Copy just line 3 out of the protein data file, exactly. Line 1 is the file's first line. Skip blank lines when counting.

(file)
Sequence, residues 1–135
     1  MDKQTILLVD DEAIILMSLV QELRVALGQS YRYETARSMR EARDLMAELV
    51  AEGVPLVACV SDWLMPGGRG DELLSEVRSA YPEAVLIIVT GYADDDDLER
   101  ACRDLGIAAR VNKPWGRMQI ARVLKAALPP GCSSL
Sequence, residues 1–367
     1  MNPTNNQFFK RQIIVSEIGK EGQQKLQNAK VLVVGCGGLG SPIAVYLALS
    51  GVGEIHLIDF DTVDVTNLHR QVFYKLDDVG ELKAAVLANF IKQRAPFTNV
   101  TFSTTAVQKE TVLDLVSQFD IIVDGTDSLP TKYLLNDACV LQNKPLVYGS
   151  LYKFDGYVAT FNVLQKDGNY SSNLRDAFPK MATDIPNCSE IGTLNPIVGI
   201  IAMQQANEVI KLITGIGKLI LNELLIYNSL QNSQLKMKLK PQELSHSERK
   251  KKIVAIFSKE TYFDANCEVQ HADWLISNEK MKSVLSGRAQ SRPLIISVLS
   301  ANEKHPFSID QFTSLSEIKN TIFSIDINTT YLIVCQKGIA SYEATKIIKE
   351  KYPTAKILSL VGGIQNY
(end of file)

    51  AEGVPLVACV SDWLMPGGRG DELLSEVRSA YPEAVLIIVT GYADDDDLER